Meat for dinner

Meat on the table isn’t sustainable.

Maybe you already heard about it on the news. The consumption of meat is not beneficial to the environment. Or to say it in another way – the ‘meat production process’ that is currently supplying our need for meat is not very efficient. But how can a cow or a pig have that much effect on the climate? Is this possible? Or have we gone crazy? Let’s take a closer look…

For this article, I’ll take my own country as an example. The Netherlands is a small country that currently houses a little more than 17 million Dutchies. That means an equal amount of mouths to feed (okay, minus the 150.000 babies that were born last year). Of course, just like anywhere else in the World, Dutch people like their meat. But do not forget the 700.000 people that are vegetarian or vegan! That leaves us with approximately 16 million people that do consume meat. How does that relate to meat production?


Let’s take a look at the numbers generated over last year (2017). According to the CBS (Central Bureau of Statistics), the Netherlands slaughtered more than 600 million chickens, nearly 2.2 million cows, 15.2 million pigs, and nearly 550 thousand sheep. In total 639.665.000 animals were slaughtered for human consumption. Yes, these are just numbers generated only by the Netherlands over just one year! If you feel the need to double check: the data can be found by clicking here.

meat Netherlands earthlyiris
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Can you imagine?

Based on these numbers, a Dutch meat-based household of 4 persons will need to raise 148 chickens, 4 pigs, and half a cow (one cow per 2 families) per year to fulfill the nowadays meat-eating needs. Can you imagine the state of your backyard? If you even have one… Besides that, I don’t think many families are interested in raising animals for their own consumption. That is why ‘industrial processes’ for breeding and raising animals are designed. And just like us, they need food to grow big. A lot of it.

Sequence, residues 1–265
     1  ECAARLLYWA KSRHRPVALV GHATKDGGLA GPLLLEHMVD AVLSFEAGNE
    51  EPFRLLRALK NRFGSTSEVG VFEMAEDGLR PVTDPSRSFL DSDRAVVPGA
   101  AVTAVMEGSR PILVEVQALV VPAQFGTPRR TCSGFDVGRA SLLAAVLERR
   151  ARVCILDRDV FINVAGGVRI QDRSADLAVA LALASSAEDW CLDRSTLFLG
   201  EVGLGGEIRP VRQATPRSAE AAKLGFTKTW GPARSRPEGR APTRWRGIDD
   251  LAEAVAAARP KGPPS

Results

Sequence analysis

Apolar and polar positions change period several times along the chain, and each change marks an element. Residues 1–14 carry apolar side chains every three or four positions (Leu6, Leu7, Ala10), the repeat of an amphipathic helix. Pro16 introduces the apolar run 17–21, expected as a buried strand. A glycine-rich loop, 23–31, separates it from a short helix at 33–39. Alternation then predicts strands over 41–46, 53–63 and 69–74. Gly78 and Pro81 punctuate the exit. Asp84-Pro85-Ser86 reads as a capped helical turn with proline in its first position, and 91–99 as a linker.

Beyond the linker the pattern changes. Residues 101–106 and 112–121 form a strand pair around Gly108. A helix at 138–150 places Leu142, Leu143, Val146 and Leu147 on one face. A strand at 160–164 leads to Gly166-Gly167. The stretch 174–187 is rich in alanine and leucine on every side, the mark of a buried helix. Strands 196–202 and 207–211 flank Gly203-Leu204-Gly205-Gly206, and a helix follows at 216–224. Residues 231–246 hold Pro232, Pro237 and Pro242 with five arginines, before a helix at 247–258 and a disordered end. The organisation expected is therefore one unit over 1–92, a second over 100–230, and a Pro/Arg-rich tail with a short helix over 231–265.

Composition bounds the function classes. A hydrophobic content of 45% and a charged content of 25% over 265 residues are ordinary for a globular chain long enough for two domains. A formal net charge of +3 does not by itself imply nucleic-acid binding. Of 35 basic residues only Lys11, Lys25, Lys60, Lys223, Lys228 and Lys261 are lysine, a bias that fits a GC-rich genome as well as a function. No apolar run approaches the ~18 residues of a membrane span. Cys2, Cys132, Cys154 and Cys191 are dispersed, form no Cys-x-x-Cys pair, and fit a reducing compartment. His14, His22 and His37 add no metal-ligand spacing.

That is exactly the reason why nearly 80% of all agricultural land worldwide is used for livestock. Actually, 26% of the usable area on Earth are grazing grounds for cattle. Not even all the croplands are used directly for human consumption – one-third is used to grow food to feed the animals. In other ways: when following a meat-based diet, you indirectly consume double the amount of grains than consumed by vegetarian-based diet. That makes livestock, but actually our global meat-consumption, the largest user of land resources (according to the FAO of the UN).

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Unknown –
other side effects

Besides the usage of land, there are some other known negative effects. One of them is the difference in water usage. For example, this article shows that 1 kilogram of chicken meat consumes 4325L of water. 322L of water is needed to produce 1 kg of vegetables. Red meat (beef) is the winner in the water contest: 15415 L per kilogram! Another side effect is the manure… How many kilograms of sh*t would that be? According to 2500 dairy cows produce an equal amount of poop as a city of 411.000 people!

It can be stated that the production process of meat towards our plates is not really efficient. Therefore it’s not helping towards a more sustainable future. So, if we all chose a vegan or vegetarian option from time to time, without all the fuss about it, we’d be doing the Earth (and future generations) a huge favor!


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